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Experts have suggested that recent growth in prices could mark the peak of the pandemic bounceback for the housing market.
Highlighting the link between price growth and increased investor activity in the Australian property market, Dr Wilson noted that the latter is still lagging behind its previous peak.
“Average investor market activity is around about 33 per cent of all lending. It’s now pushing up into the mid 20s, but it’s still well behind where it is traditionally, and particularly where it is in strong market price outbreaks as we have at the moment,” Dr Wilson said.
Asked about how long this record-breaking growth spurt could last, Dr Wilson predicted that going forward, “we will have a little bit more of a linear model in house price growth.
“We’ve killed interest rates, we’ve killed inflation, and there’s no prospect of higher inflation in the foreseeable future, and I’m talking years here, and that means there’s no prospect of higher interest rates for the foreseeable future. So the only way you’re going to be able to pay more for a property is if you increase your income, and income growth is the lowest we’ve ever seen,” he said.
As for Sydney, Dr Wilson believes growth will slow to between 1 per cent and 2 per cent by the end of the year.
“I think the March quarter in all markets will be the peak of this cycle, and I think that by the December quarter we would have started to run out of gas and to be able to see it,” Dr Wilson said.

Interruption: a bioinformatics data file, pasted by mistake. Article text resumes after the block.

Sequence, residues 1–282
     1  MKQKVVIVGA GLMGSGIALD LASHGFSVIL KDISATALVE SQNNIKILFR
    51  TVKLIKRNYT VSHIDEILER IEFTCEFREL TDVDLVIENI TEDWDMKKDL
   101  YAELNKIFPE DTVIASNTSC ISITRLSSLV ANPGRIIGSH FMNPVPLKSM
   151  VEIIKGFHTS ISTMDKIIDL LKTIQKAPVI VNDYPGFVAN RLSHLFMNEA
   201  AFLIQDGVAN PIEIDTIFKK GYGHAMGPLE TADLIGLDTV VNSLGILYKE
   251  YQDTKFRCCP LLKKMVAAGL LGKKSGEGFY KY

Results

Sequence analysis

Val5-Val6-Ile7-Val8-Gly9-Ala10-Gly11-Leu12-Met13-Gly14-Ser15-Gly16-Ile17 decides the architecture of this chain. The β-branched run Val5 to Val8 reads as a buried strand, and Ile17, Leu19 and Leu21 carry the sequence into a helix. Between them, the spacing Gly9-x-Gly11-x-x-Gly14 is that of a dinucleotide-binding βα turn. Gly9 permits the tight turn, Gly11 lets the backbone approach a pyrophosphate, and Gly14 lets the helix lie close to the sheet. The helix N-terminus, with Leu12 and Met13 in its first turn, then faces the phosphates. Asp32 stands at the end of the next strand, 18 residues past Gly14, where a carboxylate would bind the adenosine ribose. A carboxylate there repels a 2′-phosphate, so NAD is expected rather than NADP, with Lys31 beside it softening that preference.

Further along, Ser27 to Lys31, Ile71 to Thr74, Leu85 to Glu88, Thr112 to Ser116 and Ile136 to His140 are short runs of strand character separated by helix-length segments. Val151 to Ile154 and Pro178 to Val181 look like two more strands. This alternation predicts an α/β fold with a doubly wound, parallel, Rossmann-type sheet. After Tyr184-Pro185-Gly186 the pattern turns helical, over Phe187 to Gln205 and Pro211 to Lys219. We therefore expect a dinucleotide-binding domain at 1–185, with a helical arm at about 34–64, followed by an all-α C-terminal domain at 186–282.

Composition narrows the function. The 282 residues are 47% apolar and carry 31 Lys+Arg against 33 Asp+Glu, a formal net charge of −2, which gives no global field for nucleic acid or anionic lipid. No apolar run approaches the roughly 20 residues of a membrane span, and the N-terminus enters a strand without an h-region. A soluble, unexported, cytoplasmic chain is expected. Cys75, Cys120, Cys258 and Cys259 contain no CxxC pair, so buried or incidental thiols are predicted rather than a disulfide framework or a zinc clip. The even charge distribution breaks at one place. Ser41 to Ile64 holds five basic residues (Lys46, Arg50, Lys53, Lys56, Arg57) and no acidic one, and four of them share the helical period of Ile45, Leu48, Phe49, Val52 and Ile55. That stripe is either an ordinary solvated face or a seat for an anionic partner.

But, despite predicting slower growth rates, Dr Wilson opined that property will remain an attractive asset class for most investors “because of the predictability of the continuity of growth.
“And that’s because interest rates are a dead duck. They’re gone. We don’t have to worry about the rollercoaster because all we have to do is wait for interest rates to rise and that could be a decade, another decade before that happens.”
Characterising the current auction clearance rates as remarkable, Dr Wilson predicted that “we’ll just chug along at around about a 3 per cent or 4 per cent per year rate going forward, and that’s actually a pretty positive environment.”
Prices will continue to rise, Dr Wilson said, “but they won’t rise at the sort of rate we’ve seen over the first quarter of this year, which was just cloud cuckoo land stuff.”
Listen to the full interview with Dr Andrew Wilson by clicking here.